When it comes to gaming, there are all sorts of things to consider. But one of the most important things is frame rate. A choppy or low frame rate will impair one’s video game enjoyment more than almost anything else. So, what is a reasonable frame rate to shoot for when it comes to gaming?
Ideally, you would want to shoot for at least 60 FPS when gaming. This is the best frame rate. This does not mean you have to have 60 FPS to play a game, but the frame rate will provide you with the smoothest and most enjoyable experience. We’ll explain why this is the case down below.
What is FPS?
You probably already know this if you are looking into gaming, but understanding what frame rate means helps explain why you should shoot for 60. FPS stands for “frames per second.” It denotes how many images can be displayed on your screen in a single second. How it plays into your perception of a game depends on how many frames a second you’re getting.
Years ago, it was widely believed that the human eye could only perceive 30 FPS maximum. But in reality, the human eye can only perceive 10 to 12 frames. But all of those extra frames are perceived as motion, so there’s still a big difference between 15 FPS and 60 FPS.
Technically, the frame rate does not affect how fast things move. It only affects how smoothly things appear to move. There’s an excellent video here that showcases the difference in 15, 30, 60, and 120 FPS.
If you watch it, you will see that the balls in the video are all moving at different frame rates. Even though the movement of the lower FPS balls is choppier, the balls are moving at the same speed and hitting the edges of the screen at the same time.
Watching this video, we can understand why you may assume that 120 FPS is the ideal frame rate for gaming. But there are some excellent reasons why this is not necessarily the case.
When is a Difference Noticeable?
Games were played at 30 FPS for years, and it’s a perfectly viable frame rate to play games at even today. Believe it or not, most movies and animation are only delivered to your eyes at 24 FPS. However, it’s worth noting that a lack of human participation makes it easier to consider such a frame rate “acceptable.”
Below 30 FPS would strike most players as choppy and difficult to enjoy. But what about gaming at 60 FPS? There is a noticeable difference in smoothness between 30 and 60 FPS that would make 60 FPS significantly more enjoyable.
But then, 120 FPS should be even smoother and more enjoyable, right? The thing is, once you hit a certain degree of smoothness, going beyond it yields nearly imperceptible improvements. The truth is that most players can barely notice a difference between 60 FPS and 120 FPS. But then, why not just game at 120 FPS anyway?
Why is 60 FPS Better Than 120 FPS?
To say that 60 FPS is better than 120 FPS is not necessarily accurate. Technically, 120 FPS is better. But 60 FPS is more feasible and accessible to gamers at large. Considering the almost imperceptible advantage of 120 FPS compared to 60, the effort required to produce 120 FPS is rarely worth it.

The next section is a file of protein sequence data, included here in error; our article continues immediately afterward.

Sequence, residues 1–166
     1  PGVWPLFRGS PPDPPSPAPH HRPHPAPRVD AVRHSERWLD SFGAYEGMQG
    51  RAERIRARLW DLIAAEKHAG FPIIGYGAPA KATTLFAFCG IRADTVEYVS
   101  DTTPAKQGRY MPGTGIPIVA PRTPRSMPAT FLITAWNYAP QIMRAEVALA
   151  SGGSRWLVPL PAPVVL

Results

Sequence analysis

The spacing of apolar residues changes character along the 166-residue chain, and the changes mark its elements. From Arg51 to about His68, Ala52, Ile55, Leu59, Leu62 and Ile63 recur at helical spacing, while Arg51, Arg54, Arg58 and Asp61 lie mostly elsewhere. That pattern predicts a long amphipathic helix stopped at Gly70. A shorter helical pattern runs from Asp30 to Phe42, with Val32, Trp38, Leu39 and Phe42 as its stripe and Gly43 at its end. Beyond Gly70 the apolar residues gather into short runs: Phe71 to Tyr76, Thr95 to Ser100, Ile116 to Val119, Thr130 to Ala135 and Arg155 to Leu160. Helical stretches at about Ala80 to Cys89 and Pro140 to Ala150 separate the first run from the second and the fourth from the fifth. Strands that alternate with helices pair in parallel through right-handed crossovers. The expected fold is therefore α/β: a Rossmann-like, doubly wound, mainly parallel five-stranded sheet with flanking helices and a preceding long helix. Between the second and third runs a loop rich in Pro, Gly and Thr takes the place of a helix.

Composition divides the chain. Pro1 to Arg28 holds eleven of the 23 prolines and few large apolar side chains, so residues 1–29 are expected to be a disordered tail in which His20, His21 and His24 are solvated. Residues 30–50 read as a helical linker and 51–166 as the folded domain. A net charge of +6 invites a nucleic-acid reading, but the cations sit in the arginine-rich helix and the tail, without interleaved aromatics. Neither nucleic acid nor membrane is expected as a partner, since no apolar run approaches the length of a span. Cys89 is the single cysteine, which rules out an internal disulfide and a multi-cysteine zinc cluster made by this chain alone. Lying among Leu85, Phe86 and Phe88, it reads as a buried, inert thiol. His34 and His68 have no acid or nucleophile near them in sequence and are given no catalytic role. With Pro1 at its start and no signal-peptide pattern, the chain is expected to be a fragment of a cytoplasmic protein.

The first thing to consider is that you only need a 60Hz monitor or TV to play games at 60 FPS, but you need a 120Hz monitor or TV to play games at 120 FPS. A 60Hz monitor is much cheaper and more accessible to your average gamer.
On top of that, it requires more powerful, more expensive hardware to produce 120 FPS, especially if you are playing games with extremely good graphics. On the other hand, the hardware required to produce 60 FPS is much cheaper.
Producing 120 FPS for a graphically demanding game requires a powerful GPU, a 120Hz monitor, and a 120Hz monitor capable of vertical synchronization technology in some cases.
Overall, 60 FPS provides performance that will be mostly the same as 120 FPS as far as the average gamer is concerned and with much lower hardware requirements, which is much less expensive.
Is There a Reason to Go 120 FPS or Higher?
So, let’s assume that money is no object, and you could get any hardware you want. Is there an actual advantage to playing games at 120 FPS or higher? Well, technically speaking, there is some slight advantage to take into consideration.
Suppose you are playing a game that is dependent on a high frame rate (usually a competitive multiplayer shooter). In that case, the difference between 120 FPS and 60 FPS will give you a very slight edge over players with a lower frame rate than you.
Believe it or not, some E-sports competitive players operate at insane framerates like 240 or even 360 FPS. But the competitive edge that would provide to a player would be literal milliseconds, something your average gamer would have almost no chance to even take advantage of or notice at all.
That being said, is there a benefit to playing at 120 FPS? Sure, technically. But is that benefit worth the cost of getting 120 FPS or higher capable hardware? For 99% of gamers, not really.
60 FPS is the ideal middle ground of frame rates for playing a game. It’s noticeably smoother than 30 FPS but not noticeably inferior to 120 FPS. The hardware required to produce 60 FPS for most games is affordable and accessible to most gamers.
There is some very slight competitive edge from 120 FPS or higher, but it is almost entirely negligible for all but the most hardcore competitive gamers.